Fairfield Ledger

Neighbors Growing Together | Apr 18, 2014

School district looks at preschool partnership

By DIANE VANCE | Jan 31, 2014

Fairfield elementary school principal Jeff Eeling told the school board Monday he is talking with Community Child Care Center about a partnership for preschool.

Eeling is in his second year as principal at Libertyville and Washington elementary schools. Fairfield school district has a preschool for 3– and 4-year-old children at Washington.

“When Art [Sathoff, superintendent] hired me, I was given the directive to grow the preschool program and secure funding,” said Eeling. “The program went from serving 52 children to 70.”

Federal funding is provided for all 4-year old children attending preschool in the public school district. Preschool students not 4 years old, but with an Individualized Education Plan, also are funded by the government.

Fairfield school district charges $50 per month per 3 and 5 year olds without an IEP attending preschool at Washington.

“Community Child Care contacted me about how it lost some business because of us,” said Eeling. “The staff there wanted to know how children could attend free at Washington, and it has to charge fees.”

Parents having the choice of paying for preschool or sending them to Washington, mostly chose the tuition-free option. The school district also provides door-to-door transportation for preschool students, though it is not a requirement.

Eeling said the school district lost $42,000 in preschool funding when Great Prairie Area Education Agency noted the preschool was not providing 20 hours of preschool per week for students weighted at levels two and three for special education.

The district would like to be able to accommodate the students and hours, but is restricted to 20 students per teacher and a highly qualified teacher associate.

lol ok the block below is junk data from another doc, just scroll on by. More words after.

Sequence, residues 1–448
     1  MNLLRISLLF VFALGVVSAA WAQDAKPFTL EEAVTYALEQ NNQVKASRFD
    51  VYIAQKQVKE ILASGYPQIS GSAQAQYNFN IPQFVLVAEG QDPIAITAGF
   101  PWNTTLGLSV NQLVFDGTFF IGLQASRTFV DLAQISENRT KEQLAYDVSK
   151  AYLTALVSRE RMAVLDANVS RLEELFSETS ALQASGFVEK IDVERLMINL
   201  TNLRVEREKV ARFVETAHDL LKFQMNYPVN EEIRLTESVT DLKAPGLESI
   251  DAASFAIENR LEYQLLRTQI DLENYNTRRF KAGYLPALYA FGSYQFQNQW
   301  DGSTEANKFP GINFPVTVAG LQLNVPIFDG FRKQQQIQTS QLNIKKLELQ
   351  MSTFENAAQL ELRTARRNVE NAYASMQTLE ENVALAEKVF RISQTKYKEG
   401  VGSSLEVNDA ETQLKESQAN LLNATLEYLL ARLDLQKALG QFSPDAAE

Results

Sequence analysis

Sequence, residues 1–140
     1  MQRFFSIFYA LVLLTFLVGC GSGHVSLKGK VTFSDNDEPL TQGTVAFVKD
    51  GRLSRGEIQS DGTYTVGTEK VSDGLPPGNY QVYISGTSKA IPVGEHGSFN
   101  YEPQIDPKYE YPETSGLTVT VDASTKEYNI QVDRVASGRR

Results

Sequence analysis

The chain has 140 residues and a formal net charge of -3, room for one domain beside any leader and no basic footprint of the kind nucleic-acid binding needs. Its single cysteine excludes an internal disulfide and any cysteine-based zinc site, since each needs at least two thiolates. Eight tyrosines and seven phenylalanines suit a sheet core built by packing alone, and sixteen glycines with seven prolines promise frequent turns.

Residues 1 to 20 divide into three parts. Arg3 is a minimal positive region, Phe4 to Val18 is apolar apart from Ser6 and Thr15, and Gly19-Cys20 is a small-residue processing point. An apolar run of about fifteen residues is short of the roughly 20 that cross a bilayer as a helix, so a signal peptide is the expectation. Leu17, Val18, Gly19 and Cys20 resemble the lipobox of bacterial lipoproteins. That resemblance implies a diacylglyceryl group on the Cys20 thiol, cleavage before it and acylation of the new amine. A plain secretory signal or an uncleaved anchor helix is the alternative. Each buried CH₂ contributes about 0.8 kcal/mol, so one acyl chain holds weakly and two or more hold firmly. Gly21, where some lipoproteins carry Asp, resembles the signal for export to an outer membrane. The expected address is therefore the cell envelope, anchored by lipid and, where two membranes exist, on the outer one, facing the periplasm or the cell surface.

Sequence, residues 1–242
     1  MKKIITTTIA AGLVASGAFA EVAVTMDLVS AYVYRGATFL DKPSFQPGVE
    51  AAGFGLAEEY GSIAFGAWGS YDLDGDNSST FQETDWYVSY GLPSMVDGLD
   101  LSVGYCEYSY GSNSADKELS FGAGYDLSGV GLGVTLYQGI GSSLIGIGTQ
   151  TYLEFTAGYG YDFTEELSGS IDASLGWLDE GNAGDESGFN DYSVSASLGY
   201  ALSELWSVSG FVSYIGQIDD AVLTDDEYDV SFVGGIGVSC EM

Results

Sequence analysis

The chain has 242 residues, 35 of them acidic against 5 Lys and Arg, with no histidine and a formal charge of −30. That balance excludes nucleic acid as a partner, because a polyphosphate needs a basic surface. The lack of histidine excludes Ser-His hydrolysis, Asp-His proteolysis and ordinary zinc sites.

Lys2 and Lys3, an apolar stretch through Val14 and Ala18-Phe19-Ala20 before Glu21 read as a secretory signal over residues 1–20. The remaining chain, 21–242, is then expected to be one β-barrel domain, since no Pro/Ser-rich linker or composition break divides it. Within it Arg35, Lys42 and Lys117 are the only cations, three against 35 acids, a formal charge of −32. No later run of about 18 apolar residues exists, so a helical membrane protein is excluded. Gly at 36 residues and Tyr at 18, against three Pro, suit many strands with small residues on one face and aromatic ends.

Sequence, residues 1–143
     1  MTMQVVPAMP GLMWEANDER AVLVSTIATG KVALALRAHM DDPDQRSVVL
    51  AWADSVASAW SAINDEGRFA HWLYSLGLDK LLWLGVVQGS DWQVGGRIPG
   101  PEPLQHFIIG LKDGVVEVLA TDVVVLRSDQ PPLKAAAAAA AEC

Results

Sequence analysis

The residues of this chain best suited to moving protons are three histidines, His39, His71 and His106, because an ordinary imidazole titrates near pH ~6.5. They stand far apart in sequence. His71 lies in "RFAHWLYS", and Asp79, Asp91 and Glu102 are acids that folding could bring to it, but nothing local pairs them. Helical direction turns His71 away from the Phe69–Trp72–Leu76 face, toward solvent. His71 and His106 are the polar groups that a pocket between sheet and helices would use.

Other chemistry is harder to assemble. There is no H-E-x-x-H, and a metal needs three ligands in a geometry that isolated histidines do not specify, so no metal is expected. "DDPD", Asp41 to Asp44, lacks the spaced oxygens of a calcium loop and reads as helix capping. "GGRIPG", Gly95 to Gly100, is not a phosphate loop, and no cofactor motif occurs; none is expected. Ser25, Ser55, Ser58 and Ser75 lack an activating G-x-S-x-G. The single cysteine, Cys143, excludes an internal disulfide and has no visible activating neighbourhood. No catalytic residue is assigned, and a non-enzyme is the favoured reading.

If the school district and Community Child Care Center formed a partnership for preschool, more children could be accommodated, and more federal funding could be used.

“Community Child Care has 31 preschool children and 15 of those would qualify for federal funding,” said Eeling. “I already have 35 spots taken [with current 3-year olds moving up] out of 40 spots available for next year. Special education children automatically get priority.”

Eeling said a partnership with Community Child Care Center could allow more spots to open up for preschool children.

“The Community teacher understands she would need to get more certification as would an associate, to become highly qualified, “ he said.

Sathoff said the two preschools would split the federal funding evenly based on the number of students qualifying for federal funds at each school.

“I think it would benefit children in the community,” said board member Phil Miller.

Eeling said he wanted to hear the school board’s thoughts before pursuing a partnership. Board members agreed a partnership was worth exploring, but a few members thought it best to not make Community Child Care Center employees of the school district.

Eeling said he would attend a Community Child Care board meeting in late February to talk with that board and report back to the district.


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